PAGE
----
Nightly News   |  January 16, 2012

US couple still missing after shipwreck

Off the Tuscan coast of Italy, search and rescue efforts resumed Monday along the capsized cruise liner, three days since the ship struck rock and flipped on its side, with more than 4,000 people on board. NBC’s Michelle Kosinski reports.

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This content comes from a Full-Text Transcript of the program.

WILLIAMS: Good evening.

BRIAN WILLIAMS, anchor: Tonight a thoroughly modern cruise ship outfitted with state-of-the-art navigation lies on its side just off the coast of Italy after running into rocks that have been jutting out of those waters for centuries. One of the boulders, in fact, is now embedded in the side of the hull. It was an awful, harrowing night on the water, a scramble for the life boats as it tipped to one side. Some knotted together bed sheets, some passengers were forced to jump. Thankfully, it was close to shore. In plain English , the Costa Concordia shouldn't have been anywhere near those rocks. And while some didn't make it, some are still missing, a lot of passengers are very lucky to be alive and on dry land. Of the 4200 souls on board, six are dead, 29 still missing. That number includes two Americans. We have this story covered from Italy tonight. Before we get to NBC 's Harry Smith , we begin tonight with Michelle Kosinski . Michelle , good evening.

MICHELLE KOSINSKI reporting: Good evening, Brian . The rescue efforts have been relentless and dangerous. And now we know according to the company what caused this disaster was human error . The captain's decision to go off course, bring the ship closer to shore. Now there is desperate hope that any of the more than two dozen still missing might yet be found alive. Rescuers fighting their way while there's time to find people who might still be trapped deep within the Costa Concordia today battled weather, had to pull back as the half sunk behemoth shifted underwater, where divers on a good day can barely see.

Unidentified Man: It's dark and also we are losing the track of our way.

KOSINSKI: Among the missing, American retirees Jerry and Barbara Heil from Minnesota . Their family says they couldn't wait for their dream Mediterranean cruise. Just yesterday searchers did manage to rescue the ship's purser, trapped on board for a day and a half. A boulder still lodged in the Concordia 's ripped hull, the ship now lying on a rocky bed more than 100 feet deep, at an angle, in danger of sliding. And a state of emergency declared over worries the half a million gallons of fuel could be leaking. Still emerging video shows how a vacation three hours in devolved into a desperate push to escape.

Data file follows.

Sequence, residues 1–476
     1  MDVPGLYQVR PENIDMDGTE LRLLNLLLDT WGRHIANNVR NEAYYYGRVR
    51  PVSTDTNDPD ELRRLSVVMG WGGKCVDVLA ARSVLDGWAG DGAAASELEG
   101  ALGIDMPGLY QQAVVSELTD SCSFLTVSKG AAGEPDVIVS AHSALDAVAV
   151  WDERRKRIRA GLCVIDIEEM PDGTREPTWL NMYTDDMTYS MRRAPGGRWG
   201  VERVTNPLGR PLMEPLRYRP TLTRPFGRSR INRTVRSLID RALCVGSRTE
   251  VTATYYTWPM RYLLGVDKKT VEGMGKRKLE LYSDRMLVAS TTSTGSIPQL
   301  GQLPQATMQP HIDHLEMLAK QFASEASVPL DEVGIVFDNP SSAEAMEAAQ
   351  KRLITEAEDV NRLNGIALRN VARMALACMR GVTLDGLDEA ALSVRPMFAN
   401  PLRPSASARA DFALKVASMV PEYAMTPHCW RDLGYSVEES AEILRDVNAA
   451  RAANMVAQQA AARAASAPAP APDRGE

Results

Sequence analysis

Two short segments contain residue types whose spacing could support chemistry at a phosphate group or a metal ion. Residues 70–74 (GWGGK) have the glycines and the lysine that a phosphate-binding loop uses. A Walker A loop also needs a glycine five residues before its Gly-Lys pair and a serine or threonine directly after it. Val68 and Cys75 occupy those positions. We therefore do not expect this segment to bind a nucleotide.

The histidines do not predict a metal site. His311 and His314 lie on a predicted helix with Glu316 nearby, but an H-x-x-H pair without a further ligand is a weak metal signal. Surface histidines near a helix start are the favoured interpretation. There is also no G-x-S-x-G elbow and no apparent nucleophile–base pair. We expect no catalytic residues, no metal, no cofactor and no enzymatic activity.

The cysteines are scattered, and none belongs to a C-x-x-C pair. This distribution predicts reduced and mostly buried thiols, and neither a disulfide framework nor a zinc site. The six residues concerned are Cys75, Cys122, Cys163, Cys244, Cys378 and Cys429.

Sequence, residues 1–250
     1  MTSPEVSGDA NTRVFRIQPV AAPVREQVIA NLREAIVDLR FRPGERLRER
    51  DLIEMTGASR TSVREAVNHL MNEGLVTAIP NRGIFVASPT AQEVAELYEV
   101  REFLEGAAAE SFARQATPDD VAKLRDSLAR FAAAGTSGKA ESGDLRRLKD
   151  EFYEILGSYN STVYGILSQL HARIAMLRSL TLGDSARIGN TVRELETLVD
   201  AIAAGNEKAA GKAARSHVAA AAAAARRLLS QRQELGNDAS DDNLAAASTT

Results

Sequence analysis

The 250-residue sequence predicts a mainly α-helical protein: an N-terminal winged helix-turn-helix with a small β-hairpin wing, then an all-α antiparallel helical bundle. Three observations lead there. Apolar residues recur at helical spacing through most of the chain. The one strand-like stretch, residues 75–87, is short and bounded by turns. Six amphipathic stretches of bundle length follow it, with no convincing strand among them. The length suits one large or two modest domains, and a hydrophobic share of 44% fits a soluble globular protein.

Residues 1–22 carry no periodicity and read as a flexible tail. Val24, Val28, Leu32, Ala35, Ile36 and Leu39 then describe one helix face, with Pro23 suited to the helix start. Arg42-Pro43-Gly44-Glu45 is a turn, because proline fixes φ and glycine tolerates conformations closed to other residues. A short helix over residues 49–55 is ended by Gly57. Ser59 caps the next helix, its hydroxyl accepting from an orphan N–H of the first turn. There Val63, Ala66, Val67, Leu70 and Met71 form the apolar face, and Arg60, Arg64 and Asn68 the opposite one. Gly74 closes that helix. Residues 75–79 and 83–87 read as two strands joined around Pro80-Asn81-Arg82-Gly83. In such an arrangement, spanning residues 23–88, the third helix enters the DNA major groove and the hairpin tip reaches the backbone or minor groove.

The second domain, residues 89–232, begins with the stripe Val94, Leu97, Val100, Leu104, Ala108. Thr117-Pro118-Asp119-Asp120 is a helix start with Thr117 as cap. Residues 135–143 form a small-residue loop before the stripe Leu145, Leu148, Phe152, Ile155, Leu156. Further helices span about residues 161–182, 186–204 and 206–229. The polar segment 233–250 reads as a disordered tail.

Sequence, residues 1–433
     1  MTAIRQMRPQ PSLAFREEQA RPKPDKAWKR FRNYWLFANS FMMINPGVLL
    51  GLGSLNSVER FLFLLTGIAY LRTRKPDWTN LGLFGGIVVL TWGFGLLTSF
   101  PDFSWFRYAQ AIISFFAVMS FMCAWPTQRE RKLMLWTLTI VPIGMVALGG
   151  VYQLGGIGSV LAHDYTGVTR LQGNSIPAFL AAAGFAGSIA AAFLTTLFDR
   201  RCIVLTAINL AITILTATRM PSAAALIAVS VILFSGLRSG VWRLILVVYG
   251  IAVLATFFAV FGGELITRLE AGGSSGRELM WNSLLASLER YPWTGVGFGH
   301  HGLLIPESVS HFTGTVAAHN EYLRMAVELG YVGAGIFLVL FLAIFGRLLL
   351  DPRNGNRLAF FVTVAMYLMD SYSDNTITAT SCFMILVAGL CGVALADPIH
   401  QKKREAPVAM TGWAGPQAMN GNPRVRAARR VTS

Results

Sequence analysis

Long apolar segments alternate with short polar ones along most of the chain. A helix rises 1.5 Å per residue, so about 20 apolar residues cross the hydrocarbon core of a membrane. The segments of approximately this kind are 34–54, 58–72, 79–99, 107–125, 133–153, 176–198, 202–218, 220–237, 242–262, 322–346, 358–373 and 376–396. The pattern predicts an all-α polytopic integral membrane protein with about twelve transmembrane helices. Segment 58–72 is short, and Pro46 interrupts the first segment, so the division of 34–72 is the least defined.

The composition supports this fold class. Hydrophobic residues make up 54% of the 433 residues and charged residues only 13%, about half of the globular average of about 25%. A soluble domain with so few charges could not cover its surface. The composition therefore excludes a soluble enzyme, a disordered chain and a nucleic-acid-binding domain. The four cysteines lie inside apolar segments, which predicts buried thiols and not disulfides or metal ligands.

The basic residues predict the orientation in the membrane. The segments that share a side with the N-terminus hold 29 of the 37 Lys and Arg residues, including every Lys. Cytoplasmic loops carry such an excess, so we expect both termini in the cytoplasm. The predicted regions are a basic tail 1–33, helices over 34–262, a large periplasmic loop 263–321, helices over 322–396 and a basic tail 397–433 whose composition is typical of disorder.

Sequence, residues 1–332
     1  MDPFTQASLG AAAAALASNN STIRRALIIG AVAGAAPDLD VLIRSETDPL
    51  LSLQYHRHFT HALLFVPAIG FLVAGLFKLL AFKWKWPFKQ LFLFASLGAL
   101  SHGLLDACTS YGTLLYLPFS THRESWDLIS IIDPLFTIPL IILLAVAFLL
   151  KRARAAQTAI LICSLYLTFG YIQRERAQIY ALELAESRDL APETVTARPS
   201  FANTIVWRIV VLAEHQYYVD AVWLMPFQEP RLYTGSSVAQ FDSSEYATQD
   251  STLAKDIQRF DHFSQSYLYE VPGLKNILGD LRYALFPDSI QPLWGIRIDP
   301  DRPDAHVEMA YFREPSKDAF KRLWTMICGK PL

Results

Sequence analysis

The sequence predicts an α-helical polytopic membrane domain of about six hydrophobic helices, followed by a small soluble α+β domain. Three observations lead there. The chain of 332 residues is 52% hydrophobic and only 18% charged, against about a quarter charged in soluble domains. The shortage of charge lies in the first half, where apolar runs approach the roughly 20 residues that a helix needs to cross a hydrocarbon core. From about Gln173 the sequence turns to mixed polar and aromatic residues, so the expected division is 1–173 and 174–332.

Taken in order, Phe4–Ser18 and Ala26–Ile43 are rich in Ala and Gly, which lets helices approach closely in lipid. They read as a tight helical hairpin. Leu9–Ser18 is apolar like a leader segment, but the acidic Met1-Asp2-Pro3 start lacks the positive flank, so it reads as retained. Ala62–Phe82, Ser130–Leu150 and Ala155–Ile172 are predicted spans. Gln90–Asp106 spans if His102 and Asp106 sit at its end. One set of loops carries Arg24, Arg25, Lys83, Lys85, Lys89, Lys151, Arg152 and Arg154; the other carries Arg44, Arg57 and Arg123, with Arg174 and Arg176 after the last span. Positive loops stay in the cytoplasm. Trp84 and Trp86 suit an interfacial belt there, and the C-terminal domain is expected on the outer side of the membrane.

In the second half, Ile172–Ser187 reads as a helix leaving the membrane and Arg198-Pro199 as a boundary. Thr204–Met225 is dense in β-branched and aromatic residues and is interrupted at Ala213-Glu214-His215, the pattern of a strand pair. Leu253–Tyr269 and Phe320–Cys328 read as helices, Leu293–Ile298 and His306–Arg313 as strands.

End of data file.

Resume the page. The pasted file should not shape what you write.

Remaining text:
Unidentified Woman: People were passing out. People were getting nervous. People were having chest pains. I was having chest pains. I was having anxiety because I don't know how to swim.

KOSINSKI: Infrared video shows people inching down the exposed hull in the dark. Today Costa Cruises called this the result of human error , blaming the captain for making an unauthorized decision to steer off course closer to an island. He's also under suspicion of abandoning ship while passengers still scrambled for their lives. And the company said this course change may have all been for show.

Mr. PIER LUIGI FOSCHI (Costa Cruises CEO): He wanted to show the ship and to nearby this island of Giglio and so he decided to change the course of the ship.

KOSINSKI: The captain has defended his actions, claiming navigational charts showed a clear route. Locals say it's not uncommon for cruise liners to make a display close to land, sounding horns, delighting tourists. This video of the Concordia on a previous run shows just that. Today, this time, the picture shows only disaster on an enormous scale. You know, Brian , we have heard repeated scathing accounts from passengers about the evacuation procedure. But today the company defended the crew saying that ship rolled quickly, rendering half the life boats useless and commended them for helping to get more than 4,000 people off safely in two hours time.

WILLIAMS: NBC 's Michelle Kosinski , thanks, starting